COLOMBO: Nearly 1,000 bakeries have closed in Sri Lanka due to a severe shortage of cooking gas, an industry association said on Monday (Mar 7), as the impact of dwindling foreign exchange reserves ricochets through the country's economy.
The island nation is facing its worst financial crisis in a decade with foreign exchange reserves shrinking 70 per cent to US$2.36 billion in January, leaving the government struggling to pay for imports including food, medicine and fuel.
People are lining up at fuel pumps across the country and a shutdown of multiple power plants has led to rolling power cuts, sometimes lasting more than seven hours a day.
The cooking gas shortage has almost doubled bread prices to about 150 rupees (US$0.75) in some urban areas, NK Jayawardena, chairman of the Ceylon Bakery Owners Association, said.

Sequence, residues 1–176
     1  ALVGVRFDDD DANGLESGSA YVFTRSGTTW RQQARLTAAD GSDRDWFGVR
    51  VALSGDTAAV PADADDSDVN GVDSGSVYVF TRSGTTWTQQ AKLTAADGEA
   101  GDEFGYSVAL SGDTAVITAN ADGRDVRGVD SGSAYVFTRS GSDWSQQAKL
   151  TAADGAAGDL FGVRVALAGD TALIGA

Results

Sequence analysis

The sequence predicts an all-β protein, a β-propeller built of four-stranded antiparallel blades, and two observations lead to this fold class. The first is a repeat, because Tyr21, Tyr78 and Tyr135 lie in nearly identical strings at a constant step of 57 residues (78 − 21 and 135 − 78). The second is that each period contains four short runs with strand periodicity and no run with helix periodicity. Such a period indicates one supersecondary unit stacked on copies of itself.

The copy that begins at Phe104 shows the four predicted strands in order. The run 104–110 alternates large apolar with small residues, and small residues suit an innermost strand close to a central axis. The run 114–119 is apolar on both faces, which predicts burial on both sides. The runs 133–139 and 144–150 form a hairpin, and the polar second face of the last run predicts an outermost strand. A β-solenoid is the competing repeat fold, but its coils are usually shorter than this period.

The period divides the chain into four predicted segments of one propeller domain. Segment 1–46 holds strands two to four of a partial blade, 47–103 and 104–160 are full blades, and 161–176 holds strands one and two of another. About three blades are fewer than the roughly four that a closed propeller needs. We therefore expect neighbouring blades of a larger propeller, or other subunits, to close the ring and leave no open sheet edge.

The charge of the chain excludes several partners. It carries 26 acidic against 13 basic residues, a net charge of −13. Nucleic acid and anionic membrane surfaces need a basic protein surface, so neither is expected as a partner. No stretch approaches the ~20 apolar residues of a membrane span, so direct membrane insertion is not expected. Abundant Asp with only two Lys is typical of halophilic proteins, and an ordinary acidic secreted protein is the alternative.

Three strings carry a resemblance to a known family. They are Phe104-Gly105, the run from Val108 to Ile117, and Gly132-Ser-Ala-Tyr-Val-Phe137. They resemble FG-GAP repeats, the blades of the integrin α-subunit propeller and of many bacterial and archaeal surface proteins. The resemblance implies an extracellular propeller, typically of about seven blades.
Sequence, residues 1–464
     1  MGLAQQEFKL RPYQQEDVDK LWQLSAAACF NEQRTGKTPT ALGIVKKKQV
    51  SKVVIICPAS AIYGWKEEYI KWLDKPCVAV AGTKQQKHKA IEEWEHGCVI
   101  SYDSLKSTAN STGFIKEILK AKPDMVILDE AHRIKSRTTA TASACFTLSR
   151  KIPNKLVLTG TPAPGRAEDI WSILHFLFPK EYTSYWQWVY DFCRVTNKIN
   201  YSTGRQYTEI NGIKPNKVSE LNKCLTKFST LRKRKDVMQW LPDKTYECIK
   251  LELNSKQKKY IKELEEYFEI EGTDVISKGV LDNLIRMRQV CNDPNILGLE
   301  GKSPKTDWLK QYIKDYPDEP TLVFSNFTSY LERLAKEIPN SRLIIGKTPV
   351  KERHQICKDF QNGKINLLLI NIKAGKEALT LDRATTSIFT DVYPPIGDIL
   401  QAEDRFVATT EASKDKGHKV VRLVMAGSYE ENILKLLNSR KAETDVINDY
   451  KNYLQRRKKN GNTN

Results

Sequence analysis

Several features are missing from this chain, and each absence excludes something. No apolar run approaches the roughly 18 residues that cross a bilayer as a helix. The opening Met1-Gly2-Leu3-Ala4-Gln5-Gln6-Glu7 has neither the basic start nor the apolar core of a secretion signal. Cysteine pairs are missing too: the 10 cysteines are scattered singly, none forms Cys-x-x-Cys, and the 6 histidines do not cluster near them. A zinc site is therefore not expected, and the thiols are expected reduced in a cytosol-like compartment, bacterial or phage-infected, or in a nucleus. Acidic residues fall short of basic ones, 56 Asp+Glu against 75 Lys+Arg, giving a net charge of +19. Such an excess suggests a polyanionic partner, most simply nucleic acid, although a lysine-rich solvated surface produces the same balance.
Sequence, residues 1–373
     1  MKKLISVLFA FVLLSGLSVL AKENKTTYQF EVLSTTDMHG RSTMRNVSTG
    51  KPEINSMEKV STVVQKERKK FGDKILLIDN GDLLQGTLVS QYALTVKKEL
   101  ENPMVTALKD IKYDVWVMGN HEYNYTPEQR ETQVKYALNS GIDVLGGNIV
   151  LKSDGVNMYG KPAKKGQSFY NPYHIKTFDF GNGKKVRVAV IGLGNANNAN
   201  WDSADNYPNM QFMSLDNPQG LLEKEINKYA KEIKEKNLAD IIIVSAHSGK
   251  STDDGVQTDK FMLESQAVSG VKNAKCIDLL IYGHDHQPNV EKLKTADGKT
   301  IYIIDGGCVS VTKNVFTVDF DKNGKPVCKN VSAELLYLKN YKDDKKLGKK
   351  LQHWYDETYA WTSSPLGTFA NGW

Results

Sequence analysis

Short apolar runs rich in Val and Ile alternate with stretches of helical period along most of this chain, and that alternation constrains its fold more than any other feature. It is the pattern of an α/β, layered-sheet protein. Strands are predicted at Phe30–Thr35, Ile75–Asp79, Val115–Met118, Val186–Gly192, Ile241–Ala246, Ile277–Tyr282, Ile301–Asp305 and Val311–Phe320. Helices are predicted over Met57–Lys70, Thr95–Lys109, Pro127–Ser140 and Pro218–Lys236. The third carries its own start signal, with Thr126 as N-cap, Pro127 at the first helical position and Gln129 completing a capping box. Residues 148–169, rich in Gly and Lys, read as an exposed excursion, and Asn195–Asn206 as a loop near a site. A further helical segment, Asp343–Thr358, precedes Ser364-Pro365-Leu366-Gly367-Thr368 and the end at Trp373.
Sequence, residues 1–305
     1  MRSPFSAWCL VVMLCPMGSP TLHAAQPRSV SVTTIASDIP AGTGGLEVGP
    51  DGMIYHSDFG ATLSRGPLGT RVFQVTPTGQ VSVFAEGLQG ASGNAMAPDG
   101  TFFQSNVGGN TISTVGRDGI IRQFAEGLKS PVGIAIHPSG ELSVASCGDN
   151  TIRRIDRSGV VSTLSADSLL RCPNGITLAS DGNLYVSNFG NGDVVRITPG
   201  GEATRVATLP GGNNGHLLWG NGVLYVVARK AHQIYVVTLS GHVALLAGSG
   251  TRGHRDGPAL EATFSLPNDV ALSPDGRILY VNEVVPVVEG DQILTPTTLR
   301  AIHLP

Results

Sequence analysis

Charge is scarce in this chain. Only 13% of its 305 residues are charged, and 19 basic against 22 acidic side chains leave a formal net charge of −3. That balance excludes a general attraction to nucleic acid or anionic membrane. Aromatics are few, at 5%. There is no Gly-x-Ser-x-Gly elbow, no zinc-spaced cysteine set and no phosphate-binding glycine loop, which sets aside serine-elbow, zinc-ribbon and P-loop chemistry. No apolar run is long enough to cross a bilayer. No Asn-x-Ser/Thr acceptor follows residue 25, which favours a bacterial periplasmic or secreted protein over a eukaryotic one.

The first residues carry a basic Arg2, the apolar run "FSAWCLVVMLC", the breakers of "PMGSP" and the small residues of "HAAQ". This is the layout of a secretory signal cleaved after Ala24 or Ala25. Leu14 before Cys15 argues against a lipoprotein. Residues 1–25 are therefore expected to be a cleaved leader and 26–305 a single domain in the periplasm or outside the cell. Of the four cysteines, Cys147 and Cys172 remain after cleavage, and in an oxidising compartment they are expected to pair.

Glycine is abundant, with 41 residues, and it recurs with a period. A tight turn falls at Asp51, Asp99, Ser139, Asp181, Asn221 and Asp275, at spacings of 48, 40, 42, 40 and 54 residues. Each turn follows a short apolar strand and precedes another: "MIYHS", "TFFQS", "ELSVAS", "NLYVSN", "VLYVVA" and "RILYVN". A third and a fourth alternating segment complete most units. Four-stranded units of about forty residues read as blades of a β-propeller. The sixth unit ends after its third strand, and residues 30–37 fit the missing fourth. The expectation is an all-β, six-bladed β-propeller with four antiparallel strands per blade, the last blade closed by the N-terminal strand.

"If this situation lasts for one more week, 90 per cent of bakeries will have to close. Many bakers have taken out loans, they will not be able to repay them," said Jayawardena, whose association, the largest in the sector in the country, represents about 7,000 members. "The government must find a solution urgently."
Two government spokesmen could not be immediately reached for comment on the bakeries but ministers have said they are working to normalise fuel distribution.
While bread products are not such a vital staple as rice, nearly every village and town would have at least one bakery supplying bread for curries and snacks to families and workers.